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Canada Heads To AirVenture

Jill Oakes flew her Pietenpol Air Camper from Winnipeg to Oshkosh.
Jill Oakes flew her Pietenpol Air Camper from Winnipeg to Oshkosh.

There is plenty of evidence of Canadian involvement at AirVenture 2014 in Oshkosh, WI this week with lots of C-registrations in the parking areas and maple leafs throughout the grounds.

Among the participants is Jill Oakes, of Winnipeg, who flew her Pietenpol Air Camper to Oshkosh.

“It took about 20 hours but we flew around a little bit, too,” she said. The Pietenpol was among the first kit aircraft ever offered and hundreds were sold in the 1930s.

Its wood and fabric construction is light weight but durable and the aircraft is easy to fly.

Oakes’ Pietenpol is on display at the EAA Canada booth, which is near Boeing Plaza. Beside it on the grass is C-FLUG, the Cessna 150 that was refurbished in cooperation with Ninety-Nines and Recreational Aircraft Association to offer a training and fun-flying platform for girls and women in the Winnipeg area who want to learn how to fly. There are now 12 females flying and maintaining the aircraft.

Canadian Dream Becomes AirVenture Reality

The MVP converts to a fishing boat.
The MVP converts to a fishing boat and swimming platform.

There’s a Canadian connection to what has become one of the most talked-about aircraft introductions at AirVenture.

The inspiration behind the MVP LSA Amphibian is Darrell Lynds, a Winnipeg native who has lived in the U.S. for 20 years, making a fortune in software development.

You can take the Canadian out of Canada but the love of the outdoors and accessibility to the wide open spaces with fishing and camping have always been a priority for Lynds. While still in Canada, he built a SeaRey amphib and while he liked it well enough, he thought he could do better. He’s now formed a company to build what he says is the ultimate outdoor recreation aircraft.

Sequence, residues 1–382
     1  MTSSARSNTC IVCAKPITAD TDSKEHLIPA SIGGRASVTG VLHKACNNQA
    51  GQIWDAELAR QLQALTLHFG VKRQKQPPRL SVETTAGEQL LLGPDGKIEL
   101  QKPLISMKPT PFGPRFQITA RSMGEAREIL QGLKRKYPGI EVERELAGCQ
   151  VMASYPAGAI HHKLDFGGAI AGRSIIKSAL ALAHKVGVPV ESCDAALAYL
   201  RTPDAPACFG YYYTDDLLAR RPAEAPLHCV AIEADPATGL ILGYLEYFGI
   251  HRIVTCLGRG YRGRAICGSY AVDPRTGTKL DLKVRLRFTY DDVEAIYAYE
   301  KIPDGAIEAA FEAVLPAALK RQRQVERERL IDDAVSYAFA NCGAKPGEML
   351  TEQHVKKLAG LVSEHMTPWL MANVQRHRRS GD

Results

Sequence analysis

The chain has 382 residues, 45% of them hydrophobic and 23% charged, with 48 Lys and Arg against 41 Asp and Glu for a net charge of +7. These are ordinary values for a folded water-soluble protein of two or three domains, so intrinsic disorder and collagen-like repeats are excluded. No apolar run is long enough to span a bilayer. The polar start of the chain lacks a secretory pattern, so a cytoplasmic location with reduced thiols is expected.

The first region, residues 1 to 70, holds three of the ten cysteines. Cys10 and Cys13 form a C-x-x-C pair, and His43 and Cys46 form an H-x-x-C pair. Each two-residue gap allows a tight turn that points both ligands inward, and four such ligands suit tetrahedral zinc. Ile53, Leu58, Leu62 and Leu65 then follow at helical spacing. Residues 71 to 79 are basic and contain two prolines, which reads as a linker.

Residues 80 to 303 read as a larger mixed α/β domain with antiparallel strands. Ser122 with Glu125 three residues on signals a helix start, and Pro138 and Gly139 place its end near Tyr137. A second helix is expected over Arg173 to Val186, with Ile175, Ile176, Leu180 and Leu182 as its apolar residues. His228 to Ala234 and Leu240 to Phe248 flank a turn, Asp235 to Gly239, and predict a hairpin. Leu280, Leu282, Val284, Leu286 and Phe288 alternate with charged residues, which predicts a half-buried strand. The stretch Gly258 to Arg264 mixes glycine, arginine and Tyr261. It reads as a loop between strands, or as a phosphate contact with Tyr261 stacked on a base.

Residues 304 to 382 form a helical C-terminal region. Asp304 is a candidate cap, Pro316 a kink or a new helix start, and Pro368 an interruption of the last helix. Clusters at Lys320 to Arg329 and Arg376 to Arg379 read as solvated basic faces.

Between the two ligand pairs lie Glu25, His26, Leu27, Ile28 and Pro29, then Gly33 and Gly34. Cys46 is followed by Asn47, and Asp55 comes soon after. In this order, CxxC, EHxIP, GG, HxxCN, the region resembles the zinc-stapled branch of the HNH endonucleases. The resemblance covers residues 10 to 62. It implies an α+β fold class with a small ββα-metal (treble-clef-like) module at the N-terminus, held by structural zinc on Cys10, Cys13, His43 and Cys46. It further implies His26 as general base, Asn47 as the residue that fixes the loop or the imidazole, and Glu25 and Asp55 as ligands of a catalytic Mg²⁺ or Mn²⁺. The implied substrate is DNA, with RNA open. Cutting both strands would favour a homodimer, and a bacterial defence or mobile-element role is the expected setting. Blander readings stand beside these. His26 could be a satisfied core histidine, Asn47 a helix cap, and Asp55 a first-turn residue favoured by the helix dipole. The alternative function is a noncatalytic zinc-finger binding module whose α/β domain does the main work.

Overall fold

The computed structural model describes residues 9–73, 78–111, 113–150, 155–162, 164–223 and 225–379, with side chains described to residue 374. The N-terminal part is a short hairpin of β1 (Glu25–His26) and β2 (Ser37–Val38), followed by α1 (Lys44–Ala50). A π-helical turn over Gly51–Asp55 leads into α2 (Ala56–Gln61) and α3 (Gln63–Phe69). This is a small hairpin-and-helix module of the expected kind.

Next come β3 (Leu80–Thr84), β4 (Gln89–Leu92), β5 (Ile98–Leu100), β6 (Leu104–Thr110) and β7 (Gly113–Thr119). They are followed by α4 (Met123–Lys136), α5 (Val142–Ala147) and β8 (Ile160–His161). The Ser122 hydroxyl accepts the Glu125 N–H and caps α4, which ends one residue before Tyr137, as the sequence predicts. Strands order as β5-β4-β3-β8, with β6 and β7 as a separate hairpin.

The MVP is designed to make the most of that wilderness downtime.

It’s a Light Sport aircraft in the U.S., meaning it weighs less than 1460 pounds and can’t go faster than 120 knots. Lynds said it will fly as well as or better than anything else in its class but it’s when the pilot reaches his destination that its unique features come into play.

The windscreen and instrument panel fold up and back above the wing, allowing the cockpit area to be covered with lightweight deck material. That turns the plane into a fishing and swimming platform.

At night, a tent encloses the area for a comfortable sleeping area.

Lynds said the aircraft is expensive at $189,000 but he plans to have a company-run fractional sharing program that will make the aircraft accessible to average people and ensure good and proper maintenance.

McLeod Struggles in Poland

Pete McLeod had trouble with penalties in Poland.
Pete McLeod had trouble with penalties in Poland.

By Dan Gysbers

Pete McLeod Racing

Round 4 of the Red Bull Air Race World Championship made its inaugural stop in Gdynia, Poland.  From the edge of the Baltic Sea, rough conditions prevailed through the week. Many racers struggled to find their groove on a track that rewards pilots who can fly smooth yet aggressive lines; and Canada’s Pete McLeod was no exception.

Strong winds, made flying difficult during training.   During McLeod’s first qualifying run, a punishing vertical turn resulted in a disqualification when his G meter briefly spiked over 10G.   A new rule this season has reduced the max G allowed from 12 to 10G.   With his first qualifying run stopped, the pressure was on for a good second run.  McLeod made his one and only chance count, with a fast, flawless, but safe run, earning him a strong start position for Sunday’s race.